Manage Risks and Standardize Practices with Workplace Policies
Workplace policies dictate corporate life. Companies’ legal claims and defense often succeed or fail on the question of whether a workplace policy exists, be that policy positive or negative, written or unwritten.
What is a corporate policy? In short, a corporate policy is a practice followed by a company. And, because companies can only act through their employees, policies are most often reflected in how employees conduct themselves. Policies are internal contracts between employer and employee.
Can a policy exist if it is not written down? This is a question with real-world legal and risk management importance. For example, often the ways that products are loaded and secured for transportation is not pursuant to a detailed written policy, but still done the same way, each and every time. Does that mean a policy exists? And, if an injury or accident occurs, what sort of defense does an unwritten policy provide to a legal claim?
Uniform, unwritten practices can be useful and often have the effect of policy. In 2010, the Equal Employment and Opportunities Commission sued Con-Way Express on behalf of a rejected job applicant claiming that Con-Way’s hiring decisions were racially motivated. Con-Way defended the case by arguing that it was simply complying with its unwritten policy of not hiring applicants with theft convictions. Con-Way eventually won, but needed to present evidence of its hiring practices, as well as the criminal records of its current employees, in order to support its position.
Workplace policies for a glass industry company might address business topics such as:
- Safety and PPE
- Product handling
- On-the-jobsite behavior
Potential points of opposition:
- The information contained in the mark is redundant, since it is already available through the listing agency.
- Additionally, most consumers do not like to have permanent marks on their windows or glass doors.
While useful, risk comes with unwritten policies. For example, Con-Way’s entire defense could have withered if one of its managers did not follow the unwritten policy. In addition, the expenses and intrusiveness of having to prove years of hiring practices and validate personnel records could have been avoided by simply formalizing the policy.
And not all such unwritten policies are favorable. There are many stories of government actions and litigation against companies based on consistent enforcement of unwritten, improperly biased, hiring criteria.
Why don’t companies enact policies, even to spell out crucial things like job qualifications? The answers vary. Some feel they are too small to have a policy handbook. Others believe policy development is too difficult to write. Institutional momentum against policies also exists—“we’ve never had one and don’t need one.” And while not improper, these positions also require accepting the risks that come with a lack of written policies.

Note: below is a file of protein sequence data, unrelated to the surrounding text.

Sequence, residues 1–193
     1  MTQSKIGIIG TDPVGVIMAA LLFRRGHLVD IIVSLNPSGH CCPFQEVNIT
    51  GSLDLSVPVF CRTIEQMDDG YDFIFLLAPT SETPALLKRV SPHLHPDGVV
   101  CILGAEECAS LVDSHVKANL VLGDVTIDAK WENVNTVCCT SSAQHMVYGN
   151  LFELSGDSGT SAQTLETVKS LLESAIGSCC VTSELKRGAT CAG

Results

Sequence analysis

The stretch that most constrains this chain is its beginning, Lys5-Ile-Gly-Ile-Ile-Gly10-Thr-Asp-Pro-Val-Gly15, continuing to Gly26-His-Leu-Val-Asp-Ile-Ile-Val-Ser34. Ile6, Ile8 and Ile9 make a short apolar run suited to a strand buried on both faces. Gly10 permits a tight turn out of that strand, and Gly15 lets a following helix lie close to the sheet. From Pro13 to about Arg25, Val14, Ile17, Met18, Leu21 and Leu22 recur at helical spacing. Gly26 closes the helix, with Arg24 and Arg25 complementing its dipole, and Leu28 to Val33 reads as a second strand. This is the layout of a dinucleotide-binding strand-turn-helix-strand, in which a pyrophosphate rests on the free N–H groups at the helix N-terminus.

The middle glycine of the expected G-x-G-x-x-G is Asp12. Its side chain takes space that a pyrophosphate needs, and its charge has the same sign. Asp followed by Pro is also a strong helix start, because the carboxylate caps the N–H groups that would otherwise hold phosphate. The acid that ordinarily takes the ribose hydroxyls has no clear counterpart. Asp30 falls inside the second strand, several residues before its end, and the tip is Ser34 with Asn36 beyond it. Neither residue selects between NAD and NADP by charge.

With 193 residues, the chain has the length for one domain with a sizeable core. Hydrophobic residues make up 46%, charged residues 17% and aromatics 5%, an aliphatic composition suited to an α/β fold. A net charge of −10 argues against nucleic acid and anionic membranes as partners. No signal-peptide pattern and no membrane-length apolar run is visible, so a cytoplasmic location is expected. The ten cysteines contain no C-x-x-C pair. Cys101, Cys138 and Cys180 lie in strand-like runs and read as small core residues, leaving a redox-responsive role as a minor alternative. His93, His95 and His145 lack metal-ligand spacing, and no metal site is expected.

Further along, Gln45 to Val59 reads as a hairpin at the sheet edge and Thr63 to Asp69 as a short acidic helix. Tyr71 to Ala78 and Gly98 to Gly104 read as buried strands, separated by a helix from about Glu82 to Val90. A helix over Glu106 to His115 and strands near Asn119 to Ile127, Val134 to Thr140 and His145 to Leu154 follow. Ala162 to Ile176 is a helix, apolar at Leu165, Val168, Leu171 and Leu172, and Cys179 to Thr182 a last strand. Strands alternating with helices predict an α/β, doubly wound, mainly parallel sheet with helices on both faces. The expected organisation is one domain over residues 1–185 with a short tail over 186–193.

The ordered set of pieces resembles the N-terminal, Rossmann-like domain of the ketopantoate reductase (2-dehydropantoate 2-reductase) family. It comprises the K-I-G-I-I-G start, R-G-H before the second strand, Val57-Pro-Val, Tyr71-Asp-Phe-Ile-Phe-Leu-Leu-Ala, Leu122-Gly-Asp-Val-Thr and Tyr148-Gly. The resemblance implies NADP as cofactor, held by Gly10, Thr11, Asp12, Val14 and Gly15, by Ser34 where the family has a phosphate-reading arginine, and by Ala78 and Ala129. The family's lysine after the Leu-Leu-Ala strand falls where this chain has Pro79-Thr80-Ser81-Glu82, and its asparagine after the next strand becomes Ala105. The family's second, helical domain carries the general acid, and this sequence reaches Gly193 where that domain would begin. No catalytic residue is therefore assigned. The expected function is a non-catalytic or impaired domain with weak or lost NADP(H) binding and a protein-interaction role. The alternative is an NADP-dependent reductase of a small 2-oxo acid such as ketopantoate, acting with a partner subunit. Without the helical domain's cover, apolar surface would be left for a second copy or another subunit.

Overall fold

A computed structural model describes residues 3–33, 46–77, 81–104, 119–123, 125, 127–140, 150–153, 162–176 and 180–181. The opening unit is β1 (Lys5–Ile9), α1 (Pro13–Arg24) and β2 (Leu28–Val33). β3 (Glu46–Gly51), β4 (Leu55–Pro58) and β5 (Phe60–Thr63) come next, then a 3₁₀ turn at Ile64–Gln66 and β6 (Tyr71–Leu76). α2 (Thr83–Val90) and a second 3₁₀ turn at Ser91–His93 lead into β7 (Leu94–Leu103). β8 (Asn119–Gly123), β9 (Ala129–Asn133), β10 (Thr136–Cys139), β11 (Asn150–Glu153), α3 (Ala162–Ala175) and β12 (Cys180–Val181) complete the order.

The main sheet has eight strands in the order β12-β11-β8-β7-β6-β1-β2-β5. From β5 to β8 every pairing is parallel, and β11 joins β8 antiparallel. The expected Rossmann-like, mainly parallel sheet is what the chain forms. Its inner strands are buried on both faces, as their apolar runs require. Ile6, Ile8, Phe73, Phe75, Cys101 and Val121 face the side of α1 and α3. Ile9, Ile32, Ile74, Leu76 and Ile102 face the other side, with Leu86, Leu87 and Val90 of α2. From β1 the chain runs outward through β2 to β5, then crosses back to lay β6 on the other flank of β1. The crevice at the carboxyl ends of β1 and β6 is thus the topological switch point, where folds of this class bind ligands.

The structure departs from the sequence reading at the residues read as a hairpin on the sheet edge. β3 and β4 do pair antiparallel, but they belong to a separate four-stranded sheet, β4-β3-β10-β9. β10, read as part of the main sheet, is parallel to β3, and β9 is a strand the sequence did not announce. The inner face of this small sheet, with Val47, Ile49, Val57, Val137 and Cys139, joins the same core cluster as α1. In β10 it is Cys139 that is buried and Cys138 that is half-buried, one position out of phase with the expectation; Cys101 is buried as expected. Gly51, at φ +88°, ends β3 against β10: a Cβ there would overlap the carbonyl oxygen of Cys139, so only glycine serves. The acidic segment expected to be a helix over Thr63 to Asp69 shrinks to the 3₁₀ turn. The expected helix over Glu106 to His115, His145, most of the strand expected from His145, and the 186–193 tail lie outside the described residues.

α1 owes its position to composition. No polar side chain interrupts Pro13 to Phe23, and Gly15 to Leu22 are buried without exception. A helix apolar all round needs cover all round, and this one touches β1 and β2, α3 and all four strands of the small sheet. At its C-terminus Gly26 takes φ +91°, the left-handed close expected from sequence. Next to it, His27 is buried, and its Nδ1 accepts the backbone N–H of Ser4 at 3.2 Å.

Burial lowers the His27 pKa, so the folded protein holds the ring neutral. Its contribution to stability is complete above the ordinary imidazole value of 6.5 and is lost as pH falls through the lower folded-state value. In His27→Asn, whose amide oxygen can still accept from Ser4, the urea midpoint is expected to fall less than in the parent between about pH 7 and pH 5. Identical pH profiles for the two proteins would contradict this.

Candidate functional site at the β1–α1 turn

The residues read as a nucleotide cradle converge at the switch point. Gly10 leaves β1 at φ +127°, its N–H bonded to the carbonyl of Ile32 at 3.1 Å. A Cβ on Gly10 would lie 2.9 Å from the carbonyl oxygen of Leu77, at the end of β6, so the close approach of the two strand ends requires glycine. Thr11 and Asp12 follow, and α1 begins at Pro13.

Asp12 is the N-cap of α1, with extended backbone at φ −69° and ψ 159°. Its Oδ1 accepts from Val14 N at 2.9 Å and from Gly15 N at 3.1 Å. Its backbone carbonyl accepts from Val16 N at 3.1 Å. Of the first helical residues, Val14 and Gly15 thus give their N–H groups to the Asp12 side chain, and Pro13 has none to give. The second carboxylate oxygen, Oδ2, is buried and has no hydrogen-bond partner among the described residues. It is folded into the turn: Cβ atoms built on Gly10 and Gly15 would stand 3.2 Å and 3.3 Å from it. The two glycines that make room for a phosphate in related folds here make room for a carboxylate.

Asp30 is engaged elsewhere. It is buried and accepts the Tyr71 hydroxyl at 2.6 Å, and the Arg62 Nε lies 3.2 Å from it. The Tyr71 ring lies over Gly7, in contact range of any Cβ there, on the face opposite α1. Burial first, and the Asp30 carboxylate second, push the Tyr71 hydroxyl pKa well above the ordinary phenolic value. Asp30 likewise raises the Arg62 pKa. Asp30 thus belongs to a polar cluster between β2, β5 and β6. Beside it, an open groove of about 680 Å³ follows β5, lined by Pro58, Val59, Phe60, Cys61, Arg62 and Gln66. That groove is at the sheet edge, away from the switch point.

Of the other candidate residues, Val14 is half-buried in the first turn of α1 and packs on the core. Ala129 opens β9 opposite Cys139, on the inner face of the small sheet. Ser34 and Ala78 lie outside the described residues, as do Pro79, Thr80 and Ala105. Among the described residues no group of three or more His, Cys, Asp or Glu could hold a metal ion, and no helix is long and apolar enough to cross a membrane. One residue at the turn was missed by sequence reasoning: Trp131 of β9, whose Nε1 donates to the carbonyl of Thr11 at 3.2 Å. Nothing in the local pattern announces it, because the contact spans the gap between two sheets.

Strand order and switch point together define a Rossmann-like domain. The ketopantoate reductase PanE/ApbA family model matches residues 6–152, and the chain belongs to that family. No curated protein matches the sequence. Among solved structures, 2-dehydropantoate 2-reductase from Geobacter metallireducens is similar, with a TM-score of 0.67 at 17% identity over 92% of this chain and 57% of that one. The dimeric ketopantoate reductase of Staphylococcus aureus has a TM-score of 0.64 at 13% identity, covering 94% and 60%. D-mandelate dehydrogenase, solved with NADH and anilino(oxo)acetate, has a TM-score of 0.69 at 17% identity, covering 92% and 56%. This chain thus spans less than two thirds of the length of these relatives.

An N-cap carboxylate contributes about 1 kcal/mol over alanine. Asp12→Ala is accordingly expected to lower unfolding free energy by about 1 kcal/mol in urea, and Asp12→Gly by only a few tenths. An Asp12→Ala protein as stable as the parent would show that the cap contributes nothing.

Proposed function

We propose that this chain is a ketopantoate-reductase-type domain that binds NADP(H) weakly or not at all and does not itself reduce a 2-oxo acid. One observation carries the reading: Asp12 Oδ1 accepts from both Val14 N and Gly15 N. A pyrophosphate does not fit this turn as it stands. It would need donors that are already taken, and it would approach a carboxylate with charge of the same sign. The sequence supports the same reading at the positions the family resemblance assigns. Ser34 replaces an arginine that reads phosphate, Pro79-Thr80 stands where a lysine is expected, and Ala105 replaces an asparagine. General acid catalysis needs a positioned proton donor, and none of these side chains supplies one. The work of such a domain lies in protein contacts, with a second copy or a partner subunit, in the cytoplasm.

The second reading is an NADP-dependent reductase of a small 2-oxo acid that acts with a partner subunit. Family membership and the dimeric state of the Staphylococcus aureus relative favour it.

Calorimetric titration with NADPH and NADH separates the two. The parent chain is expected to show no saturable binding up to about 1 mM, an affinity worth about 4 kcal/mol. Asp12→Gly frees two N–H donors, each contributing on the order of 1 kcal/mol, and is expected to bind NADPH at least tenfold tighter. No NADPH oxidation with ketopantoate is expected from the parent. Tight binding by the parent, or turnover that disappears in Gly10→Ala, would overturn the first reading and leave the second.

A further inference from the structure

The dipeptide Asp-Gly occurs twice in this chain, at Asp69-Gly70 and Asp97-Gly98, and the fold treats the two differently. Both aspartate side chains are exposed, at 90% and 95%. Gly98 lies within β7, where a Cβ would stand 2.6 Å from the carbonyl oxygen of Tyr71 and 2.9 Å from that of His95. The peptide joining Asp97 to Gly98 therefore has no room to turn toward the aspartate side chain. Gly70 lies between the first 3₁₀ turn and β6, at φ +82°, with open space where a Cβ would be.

When companies commit to developing written policies, their approach can have a dramatic impact on the usefulness of those policies. Overdevelopment—too many policies for discrete items—can often lead to paralysis and an inability to effectively update and keep policies current. Underdevelopment—policies that are too few or too general—often leads to policies being ignored.
Positive policy development starts with identifying points where a company should speak or act in a unified way. Good policies help establish a consistent position on items that might otherwise be left to the discretion of managers.
A commitment to develop workplace policies requires observing operations and auditing processes to identify points where discretion has led to differing work practices. For glaziers, shipping, personal protective equipment and on-job behavior are often areas where differences in crews can lead to different client experiences. Examine these functions for points where a set of common practices, supported by policy and training, can help more effectively manage personnel and present customers with a more uniform encounter.
Enforcement and training are two areas where companies with developed policies must remain vigilant. A poorly worded policy may be better than no policy, but a policy that is unenforced may be worse than no policy in the first place.
A policy tries to set a standard. When those standards are not met, a company can be subject to contest or legal claim. Repeated training on company policies, and reasonable consequences for non-compliance, are essential components of an effective policy plan.
The most important item is consistency. Policies are a company’s voice, and can help determine customer experience. Establishing compliance with proper unwritten policies or documented compliance with formalized policies is an important risk management consideration.